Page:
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Capital Storm Crews Work to Restore Power

June 16, 1989|From United Press International

WASHINGTON — Thousands of customers were without electricity Thursday in the nation's capital as workers cleaned up from storms that left some areas looking "like a war zone," weather officials said.

About 75,000 homes and businesses remained without power in Washington and its suburbs from storms that struck with little warning Wednesday, hurling winds of more than 60 m.p.h. that one utility official said downed more than 800 power lines.

"It's like we're rebuilding the electrical distribution system all over again," Potomac Electric Power Co. spokesman Tom Welle said. "This is the worst storm in the company's 93-year history."

Schools Closed

The power outage closed schools in the capital and its suburbs and wreaked havoc on morning commuter traffic as uprooted trees blocked intersections and traffic signals failed to work.

"Sections of streets are closed off," Welle said. "It's like a war zone out there."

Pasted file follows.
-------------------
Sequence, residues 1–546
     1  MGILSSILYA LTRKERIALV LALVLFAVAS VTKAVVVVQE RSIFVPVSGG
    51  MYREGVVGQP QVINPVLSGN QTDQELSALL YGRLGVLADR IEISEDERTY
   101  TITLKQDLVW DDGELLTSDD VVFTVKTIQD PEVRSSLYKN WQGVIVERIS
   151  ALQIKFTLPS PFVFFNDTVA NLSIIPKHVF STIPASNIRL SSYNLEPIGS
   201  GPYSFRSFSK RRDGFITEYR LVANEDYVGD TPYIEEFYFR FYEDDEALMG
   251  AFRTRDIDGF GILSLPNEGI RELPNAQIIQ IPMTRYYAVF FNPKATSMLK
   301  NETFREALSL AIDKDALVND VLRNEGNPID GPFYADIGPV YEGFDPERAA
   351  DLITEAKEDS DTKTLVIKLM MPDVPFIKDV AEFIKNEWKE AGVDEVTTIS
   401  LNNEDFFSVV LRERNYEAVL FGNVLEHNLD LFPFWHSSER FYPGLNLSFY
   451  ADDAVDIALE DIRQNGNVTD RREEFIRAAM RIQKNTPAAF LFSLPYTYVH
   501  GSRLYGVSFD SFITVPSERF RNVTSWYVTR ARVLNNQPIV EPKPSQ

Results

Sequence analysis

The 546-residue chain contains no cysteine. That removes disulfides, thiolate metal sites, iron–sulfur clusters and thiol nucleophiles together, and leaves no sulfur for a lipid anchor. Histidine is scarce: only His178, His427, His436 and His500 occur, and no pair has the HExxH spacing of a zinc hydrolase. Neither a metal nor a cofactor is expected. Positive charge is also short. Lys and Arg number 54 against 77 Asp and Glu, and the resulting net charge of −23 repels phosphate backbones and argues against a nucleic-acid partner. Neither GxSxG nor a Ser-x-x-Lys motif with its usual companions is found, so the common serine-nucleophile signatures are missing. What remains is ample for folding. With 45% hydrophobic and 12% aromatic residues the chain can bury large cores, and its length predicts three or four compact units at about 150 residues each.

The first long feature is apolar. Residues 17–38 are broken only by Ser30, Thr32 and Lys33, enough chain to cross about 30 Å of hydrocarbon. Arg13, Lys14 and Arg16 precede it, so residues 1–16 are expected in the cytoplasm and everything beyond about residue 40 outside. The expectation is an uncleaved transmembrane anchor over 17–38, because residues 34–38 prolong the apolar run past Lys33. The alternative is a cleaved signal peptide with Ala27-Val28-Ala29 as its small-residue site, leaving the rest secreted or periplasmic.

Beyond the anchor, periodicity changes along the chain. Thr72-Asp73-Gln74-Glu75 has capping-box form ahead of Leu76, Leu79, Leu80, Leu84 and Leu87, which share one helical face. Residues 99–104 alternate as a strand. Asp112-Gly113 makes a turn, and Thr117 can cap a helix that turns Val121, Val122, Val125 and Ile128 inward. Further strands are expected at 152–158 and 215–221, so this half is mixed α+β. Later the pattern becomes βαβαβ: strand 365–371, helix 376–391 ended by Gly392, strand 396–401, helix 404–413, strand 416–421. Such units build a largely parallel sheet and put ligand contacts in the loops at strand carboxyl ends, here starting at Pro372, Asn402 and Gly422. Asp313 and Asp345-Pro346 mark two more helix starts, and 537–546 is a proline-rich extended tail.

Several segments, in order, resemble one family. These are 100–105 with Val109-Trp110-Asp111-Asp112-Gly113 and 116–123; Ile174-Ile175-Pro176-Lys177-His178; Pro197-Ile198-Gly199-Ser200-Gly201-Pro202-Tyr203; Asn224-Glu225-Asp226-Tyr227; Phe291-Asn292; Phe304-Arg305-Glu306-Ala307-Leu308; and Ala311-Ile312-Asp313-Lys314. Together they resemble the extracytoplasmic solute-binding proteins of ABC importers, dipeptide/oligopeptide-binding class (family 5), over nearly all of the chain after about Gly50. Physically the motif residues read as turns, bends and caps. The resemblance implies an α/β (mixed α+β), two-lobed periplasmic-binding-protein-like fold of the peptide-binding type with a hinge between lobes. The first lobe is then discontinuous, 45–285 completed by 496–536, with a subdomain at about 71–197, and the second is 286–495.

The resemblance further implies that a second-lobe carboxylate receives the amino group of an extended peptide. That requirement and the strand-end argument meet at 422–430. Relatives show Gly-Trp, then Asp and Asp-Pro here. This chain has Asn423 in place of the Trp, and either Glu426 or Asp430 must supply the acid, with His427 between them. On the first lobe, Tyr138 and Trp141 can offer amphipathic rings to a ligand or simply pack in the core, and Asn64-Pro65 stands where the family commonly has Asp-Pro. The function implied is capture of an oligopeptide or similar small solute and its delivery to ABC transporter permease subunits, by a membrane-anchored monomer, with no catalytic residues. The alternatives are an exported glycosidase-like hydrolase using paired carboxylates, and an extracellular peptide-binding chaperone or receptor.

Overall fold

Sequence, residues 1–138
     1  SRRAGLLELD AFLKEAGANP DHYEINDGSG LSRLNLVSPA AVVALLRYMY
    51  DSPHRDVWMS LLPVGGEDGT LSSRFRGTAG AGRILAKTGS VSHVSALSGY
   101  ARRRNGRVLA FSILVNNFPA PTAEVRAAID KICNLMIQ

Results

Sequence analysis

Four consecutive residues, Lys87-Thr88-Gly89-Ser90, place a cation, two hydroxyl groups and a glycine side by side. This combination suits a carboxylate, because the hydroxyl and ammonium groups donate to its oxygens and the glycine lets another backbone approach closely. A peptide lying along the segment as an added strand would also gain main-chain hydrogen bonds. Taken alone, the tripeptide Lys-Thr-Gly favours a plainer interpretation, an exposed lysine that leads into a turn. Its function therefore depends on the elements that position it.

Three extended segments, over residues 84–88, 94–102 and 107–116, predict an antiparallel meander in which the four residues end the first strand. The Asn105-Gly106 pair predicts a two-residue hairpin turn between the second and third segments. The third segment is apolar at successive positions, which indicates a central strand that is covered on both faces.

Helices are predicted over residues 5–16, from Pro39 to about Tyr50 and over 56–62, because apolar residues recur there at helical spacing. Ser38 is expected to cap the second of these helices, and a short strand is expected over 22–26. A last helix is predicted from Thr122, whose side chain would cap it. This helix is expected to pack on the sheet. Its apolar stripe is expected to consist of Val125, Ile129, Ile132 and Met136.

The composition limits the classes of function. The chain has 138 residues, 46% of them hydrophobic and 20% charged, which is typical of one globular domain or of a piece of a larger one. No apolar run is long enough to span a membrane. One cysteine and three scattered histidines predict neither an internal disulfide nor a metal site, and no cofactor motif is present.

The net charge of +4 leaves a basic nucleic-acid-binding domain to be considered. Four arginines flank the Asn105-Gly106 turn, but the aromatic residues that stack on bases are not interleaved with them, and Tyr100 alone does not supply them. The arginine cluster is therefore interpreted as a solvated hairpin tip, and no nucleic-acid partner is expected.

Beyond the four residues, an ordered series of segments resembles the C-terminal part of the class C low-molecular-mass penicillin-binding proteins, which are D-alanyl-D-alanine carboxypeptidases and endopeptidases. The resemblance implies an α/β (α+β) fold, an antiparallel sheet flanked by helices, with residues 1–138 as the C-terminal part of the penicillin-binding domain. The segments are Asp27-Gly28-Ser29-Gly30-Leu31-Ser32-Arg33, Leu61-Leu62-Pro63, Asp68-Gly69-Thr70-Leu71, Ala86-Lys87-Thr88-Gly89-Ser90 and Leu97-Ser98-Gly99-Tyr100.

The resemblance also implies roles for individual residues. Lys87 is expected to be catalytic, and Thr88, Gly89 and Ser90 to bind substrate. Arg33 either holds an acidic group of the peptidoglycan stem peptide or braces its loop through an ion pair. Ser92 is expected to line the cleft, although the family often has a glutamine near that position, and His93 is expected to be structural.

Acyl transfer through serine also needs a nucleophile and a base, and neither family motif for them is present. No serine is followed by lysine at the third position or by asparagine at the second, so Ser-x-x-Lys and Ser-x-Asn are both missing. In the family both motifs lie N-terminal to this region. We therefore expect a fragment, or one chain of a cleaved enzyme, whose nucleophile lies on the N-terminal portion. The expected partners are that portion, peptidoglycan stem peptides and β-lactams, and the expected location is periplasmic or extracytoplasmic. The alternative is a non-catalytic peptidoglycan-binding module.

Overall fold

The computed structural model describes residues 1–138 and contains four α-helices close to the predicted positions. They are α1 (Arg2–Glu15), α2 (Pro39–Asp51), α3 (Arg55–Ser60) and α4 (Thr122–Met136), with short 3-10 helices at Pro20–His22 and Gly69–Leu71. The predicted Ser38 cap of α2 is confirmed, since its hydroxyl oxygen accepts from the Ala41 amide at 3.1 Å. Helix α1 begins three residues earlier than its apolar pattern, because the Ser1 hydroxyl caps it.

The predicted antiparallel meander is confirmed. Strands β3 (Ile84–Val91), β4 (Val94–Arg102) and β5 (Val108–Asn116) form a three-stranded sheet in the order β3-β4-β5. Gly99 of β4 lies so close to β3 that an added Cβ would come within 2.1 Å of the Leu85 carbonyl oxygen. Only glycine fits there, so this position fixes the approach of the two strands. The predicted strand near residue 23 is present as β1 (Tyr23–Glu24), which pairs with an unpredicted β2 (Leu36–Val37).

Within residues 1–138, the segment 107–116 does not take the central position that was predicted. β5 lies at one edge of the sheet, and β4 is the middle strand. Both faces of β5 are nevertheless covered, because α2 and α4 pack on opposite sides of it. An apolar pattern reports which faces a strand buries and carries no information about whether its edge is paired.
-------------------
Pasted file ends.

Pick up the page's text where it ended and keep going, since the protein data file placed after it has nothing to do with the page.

Welle said 300 crews, some from power companies out of state, were working to fix electrical wires. It could take up to three days before power is fully restored, he said.

Thunderstorm watches were in effect Thursday in a band from much of Georgia and the western and central Carolinas through eastern and central Virginia, the District of Columbia, eastern and central Maryland, Delaware, southeast Pennsylvania and southern New Jersey.

Thunderstorm winds gusted to 80 m.p.h. in parts of South Carolina. Trees and power lines were blown down at Seneca and Greenville and Cherokee counties. Trees were uprooted near Polkville, N.C., and Bostwick, Oglethorpe and Oconee County, Ga.

A commercial chicken house was blown away near Macedonia, Ga. It was scheduled to open for business next week.

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